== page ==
ANA survey: Marketers will fuel multicultural ad boost

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General-market advertisers may be cautious in the gloomy U.S. economy, but 54% of multicultural marketers expect to increase their efforts in 2003. Another 26% say they will spend the same amount, and just 6% anticipate cuts, according to a new survey by the Association of National Advertisers.

The survey, presented at the ANA's multicultural-marketing conference last week in San Francisco, found the 100 responding companies had average ad budgets of $226 million and spent an average of $4 million each on multicultural advertising.

Most respondents said they market to Hispanics and African-Americans, (70% and 59%, respectively), but only 27% target Asian-Americans and 4% American Indians.

Three-quarters of the marketers surveyed said they use multicultural agencies, mainly because of their specialization. Only 36% of those that use multicultural shops said those agencies deliver better creative work than their general-market agencies. For media buying, half the respondents said they use general-market media buying agencies.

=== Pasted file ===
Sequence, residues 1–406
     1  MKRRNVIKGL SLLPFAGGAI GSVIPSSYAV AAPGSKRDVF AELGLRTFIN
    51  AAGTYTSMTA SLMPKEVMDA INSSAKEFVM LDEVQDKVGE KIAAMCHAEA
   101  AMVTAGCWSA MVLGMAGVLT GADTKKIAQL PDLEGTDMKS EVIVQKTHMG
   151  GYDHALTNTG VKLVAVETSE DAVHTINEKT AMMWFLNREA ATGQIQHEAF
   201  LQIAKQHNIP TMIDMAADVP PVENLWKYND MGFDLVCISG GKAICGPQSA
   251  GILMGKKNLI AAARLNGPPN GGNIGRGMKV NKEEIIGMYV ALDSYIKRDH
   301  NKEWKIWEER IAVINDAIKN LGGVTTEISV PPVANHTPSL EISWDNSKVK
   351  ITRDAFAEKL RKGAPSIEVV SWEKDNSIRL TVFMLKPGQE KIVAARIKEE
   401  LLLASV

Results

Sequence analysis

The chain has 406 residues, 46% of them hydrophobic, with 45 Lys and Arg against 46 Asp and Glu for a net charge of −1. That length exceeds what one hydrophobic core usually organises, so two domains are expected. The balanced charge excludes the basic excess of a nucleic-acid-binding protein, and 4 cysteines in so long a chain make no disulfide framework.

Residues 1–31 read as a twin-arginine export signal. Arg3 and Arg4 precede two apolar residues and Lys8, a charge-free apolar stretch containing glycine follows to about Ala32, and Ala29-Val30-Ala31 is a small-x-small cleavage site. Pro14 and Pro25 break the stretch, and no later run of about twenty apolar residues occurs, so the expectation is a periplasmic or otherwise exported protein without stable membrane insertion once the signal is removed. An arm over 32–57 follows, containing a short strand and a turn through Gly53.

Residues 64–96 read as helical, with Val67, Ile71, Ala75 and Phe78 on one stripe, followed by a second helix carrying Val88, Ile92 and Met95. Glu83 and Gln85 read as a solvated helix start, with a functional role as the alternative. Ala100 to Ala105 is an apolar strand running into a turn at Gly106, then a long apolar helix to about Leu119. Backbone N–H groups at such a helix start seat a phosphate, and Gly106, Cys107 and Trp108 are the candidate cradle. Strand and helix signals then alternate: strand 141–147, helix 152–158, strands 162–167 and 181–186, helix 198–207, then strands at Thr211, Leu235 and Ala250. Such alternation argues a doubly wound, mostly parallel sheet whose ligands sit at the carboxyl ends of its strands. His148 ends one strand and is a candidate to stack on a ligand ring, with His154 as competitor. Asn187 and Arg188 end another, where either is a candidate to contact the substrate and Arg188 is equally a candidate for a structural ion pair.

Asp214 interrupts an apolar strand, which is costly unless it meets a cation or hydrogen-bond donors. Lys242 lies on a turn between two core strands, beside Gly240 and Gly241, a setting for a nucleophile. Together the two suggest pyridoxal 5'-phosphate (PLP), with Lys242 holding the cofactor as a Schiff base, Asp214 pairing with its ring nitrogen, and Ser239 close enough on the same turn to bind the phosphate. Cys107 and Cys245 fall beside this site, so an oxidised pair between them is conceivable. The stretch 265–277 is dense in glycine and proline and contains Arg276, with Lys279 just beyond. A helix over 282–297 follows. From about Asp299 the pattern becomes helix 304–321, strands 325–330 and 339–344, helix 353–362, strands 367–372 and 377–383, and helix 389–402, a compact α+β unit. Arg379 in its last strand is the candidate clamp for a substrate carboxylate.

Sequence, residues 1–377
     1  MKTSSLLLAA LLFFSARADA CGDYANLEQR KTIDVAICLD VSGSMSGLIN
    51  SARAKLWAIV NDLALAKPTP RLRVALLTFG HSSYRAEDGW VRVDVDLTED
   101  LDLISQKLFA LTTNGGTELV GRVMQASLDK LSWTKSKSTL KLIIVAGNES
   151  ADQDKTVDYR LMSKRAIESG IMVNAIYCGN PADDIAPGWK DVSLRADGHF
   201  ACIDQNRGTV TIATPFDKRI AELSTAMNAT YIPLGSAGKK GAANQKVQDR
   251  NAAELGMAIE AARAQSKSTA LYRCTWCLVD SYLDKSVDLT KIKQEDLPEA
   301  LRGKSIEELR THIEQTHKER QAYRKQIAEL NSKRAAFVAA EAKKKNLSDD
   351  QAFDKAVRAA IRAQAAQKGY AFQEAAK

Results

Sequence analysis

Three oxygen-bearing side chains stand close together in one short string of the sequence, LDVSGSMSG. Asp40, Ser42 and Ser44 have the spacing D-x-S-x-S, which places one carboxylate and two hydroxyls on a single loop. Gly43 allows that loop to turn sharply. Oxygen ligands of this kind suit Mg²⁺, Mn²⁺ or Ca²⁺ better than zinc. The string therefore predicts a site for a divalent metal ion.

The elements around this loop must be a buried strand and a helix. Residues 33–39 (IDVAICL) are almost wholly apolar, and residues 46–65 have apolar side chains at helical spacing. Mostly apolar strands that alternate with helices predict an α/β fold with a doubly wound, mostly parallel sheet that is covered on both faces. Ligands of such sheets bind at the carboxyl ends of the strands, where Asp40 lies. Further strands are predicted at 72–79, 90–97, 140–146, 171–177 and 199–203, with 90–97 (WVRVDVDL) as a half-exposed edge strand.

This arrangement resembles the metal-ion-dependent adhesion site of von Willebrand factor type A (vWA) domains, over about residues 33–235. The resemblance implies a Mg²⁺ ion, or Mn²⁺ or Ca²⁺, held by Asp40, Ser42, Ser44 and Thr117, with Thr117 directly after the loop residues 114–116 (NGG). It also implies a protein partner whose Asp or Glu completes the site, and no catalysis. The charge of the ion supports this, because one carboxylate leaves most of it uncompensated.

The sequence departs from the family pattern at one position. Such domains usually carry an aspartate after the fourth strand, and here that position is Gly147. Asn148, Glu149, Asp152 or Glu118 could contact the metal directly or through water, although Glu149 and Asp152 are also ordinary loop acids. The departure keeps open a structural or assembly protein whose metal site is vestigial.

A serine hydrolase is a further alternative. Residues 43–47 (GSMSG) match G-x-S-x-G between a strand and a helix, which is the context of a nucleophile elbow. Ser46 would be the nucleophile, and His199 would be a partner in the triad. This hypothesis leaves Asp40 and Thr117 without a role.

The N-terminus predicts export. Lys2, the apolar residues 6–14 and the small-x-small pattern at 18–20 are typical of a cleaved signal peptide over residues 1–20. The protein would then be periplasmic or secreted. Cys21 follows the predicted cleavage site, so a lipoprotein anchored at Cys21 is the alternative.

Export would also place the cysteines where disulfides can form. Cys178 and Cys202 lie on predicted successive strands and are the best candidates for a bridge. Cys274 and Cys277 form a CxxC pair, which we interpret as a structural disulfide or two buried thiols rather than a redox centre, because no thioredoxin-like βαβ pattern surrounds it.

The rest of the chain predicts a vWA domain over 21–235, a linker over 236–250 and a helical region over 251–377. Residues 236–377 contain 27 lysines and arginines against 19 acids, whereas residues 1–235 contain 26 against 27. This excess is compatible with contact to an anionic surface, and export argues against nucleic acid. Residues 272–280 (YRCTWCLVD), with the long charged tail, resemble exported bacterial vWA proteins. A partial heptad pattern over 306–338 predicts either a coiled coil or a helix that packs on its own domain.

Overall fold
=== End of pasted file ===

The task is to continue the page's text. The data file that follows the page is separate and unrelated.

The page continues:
Marketers said their biggest multicultural challenges were funding (39%), measurement of results (29%) and lack of top management commitment (12%).

The survey also looked at the topic of whether multicultural marketing will continue to target specific segments or evolve into mainstream advertising that appeals to both general-market and multicultural consumers. Just 30% of respondents see the future as mainstream advertising; 61% felt marketing will continue to be targeted to different ethnic groups. The remainder did not answer. (For ANA Multicultural award winners, see QwikFIND aao17t .)

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